Don’t listen to those who tell us we need apologetics, apologetics, apologetics. We need Jesus, Jesus, Jesus.

Until the whole world hears,
Professor Kent
A professor of Christ

Recent Comments by Professor Kent

Gary Gilbert, Spectrum, and Pseudogenes

Sean Pitman: Science isn’t about “cold hard facts.” Science is about interpreting the “facts” as best as one can given limited background experiences and information. Such interpretations can be wrong and when shown to be wrong, the honest will in fact change to follow where the “weight of evidence” seems to be leading.

Much of science is based on highly technical data that few other than those who generate it can understand. For most questions, science yields data insufficient to support a single interpretation. And much of science leads to contradictory interpretations. Honest individuals will admit that they have a limited understanding of the science, and base their opinions on an extremely limited subset of information which they happen to find compelling whether or not the overall body of science backs it up.

Gary Gilbert, Spectrum, and Pseudogenes

Sean Pitman: The process of detecting artefacts as true artefacts is a real science based on prior experience, experimentation, and testing with the potential of future falsification. Oh, and I do happen to own a bona fide polished granite cube.

Not from Mars. Finding the cube on Mars is the basis of your cubical caricature of science, not some artefact under your roof.

Sean Pitman:
Professor Kent: If you think my brother-in-law who loves to fish in the Sea of Cortez is a scientist because he is trying to catch a wee little fish in a big vast sea, then I guess I need to view fishermen in a different light. I thought they were hobbyists.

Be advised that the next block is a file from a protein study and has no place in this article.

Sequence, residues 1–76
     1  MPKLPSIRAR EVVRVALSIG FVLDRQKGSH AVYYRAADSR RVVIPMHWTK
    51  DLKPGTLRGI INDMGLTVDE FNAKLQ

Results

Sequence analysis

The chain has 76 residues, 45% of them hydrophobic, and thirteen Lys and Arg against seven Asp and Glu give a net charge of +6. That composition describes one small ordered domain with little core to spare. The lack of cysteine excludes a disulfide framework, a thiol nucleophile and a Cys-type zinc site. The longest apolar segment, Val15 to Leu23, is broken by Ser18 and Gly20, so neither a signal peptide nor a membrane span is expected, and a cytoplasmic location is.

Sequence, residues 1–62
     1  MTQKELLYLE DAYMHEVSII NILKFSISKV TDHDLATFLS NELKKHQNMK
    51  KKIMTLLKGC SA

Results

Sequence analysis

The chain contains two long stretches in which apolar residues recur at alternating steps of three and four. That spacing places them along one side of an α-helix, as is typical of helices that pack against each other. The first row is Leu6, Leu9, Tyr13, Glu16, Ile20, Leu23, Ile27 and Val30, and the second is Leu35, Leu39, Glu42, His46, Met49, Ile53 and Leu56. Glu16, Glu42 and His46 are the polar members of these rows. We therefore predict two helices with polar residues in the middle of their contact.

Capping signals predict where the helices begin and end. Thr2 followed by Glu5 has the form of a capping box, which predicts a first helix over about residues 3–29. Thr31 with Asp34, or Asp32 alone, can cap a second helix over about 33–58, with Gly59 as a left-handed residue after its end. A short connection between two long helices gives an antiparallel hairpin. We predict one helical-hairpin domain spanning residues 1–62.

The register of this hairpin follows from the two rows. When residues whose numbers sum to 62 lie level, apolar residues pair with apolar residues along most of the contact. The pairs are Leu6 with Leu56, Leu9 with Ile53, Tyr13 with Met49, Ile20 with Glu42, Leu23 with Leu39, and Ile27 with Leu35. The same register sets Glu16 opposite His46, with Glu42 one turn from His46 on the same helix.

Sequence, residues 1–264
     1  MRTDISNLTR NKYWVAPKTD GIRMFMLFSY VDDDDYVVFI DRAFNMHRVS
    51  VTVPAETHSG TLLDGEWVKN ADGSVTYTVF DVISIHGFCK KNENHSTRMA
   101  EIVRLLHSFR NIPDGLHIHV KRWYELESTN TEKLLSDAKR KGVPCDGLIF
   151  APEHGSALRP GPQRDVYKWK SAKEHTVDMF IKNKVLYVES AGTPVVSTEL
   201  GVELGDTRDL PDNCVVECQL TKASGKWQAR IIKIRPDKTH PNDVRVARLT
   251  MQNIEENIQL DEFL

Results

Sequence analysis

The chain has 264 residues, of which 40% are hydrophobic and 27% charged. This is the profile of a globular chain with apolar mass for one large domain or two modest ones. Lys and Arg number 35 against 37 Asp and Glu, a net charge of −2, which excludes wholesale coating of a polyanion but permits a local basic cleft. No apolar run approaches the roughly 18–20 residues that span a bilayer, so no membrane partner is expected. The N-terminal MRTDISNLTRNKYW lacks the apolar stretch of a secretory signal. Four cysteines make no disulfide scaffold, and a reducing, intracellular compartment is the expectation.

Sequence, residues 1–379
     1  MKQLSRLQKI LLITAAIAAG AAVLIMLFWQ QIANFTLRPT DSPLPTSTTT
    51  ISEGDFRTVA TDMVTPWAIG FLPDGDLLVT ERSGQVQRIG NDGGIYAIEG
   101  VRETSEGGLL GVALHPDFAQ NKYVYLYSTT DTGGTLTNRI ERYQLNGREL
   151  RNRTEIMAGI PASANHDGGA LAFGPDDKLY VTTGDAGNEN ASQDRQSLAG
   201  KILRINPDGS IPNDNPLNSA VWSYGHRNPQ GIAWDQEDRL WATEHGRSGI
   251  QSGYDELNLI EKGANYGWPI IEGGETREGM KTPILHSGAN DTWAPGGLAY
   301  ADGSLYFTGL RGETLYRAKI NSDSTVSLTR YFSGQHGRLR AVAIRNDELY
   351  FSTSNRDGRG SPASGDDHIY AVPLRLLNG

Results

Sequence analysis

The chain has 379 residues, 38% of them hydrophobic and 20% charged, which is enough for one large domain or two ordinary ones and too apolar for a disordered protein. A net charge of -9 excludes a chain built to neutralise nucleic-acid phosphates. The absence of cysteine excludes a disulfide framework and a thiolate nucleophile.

The question is not if one will catch a fish, but if one will recognize a fish as a fish if one ever did catch a fish. That’s the scientific question here. And, yet again, the clear answer to this question is – Yes.

I think I’m going to spend the afternoon with my favorite scientist–my 8-year-old nephew. We’re going to go fishing at Lake Elsinore. He wants to know if we might catch a shark there. Brilliant scientist, that lad. He already grasps the importance of potentially falsifiable empirical evidence. I’m doubtful we’ll catch a fish, but I think he’ll recognize a fish if we do catch one.

While fishing, we’ll be scanning the skies to catch a glimpse of archaeopteryx flying by. He believes they might exist, and why not? Like the SETI scientist, he’s doing science to find the elusive evidence.

He scratched himself with a fish hook the other day and asked whether he was going to bleed. A few moments later, some blood emerged from the scratched. Talk about potentilly falsifiable data derived from a brilliant experiment. I’m telling you, the kid’s a brilliant scientist.

What’s really cool about science is that he doesn’t have to publish his observations (or lack thereof) to be doing very meaningful science. He doesn’t even need formal training or a brilliant mind. Did I mention he’s the only autistic scientist I’ve ever met?

As most everyone here knows, I have a poor understanding of science. But I’m pretty sure this nephew of mine will never lecture me or Pauluc on what constitutes science. He’s the most humble, polite, and soft-spoken scientist I’ve ever met.

Gary Gilbert, Spectrum, and Pseudogenes

Sean Pitman: I don’t think you understand the science or rational arguments behind the detection of an artefact as a true artefact. In fact, I don’t think you understand the basis of science in general.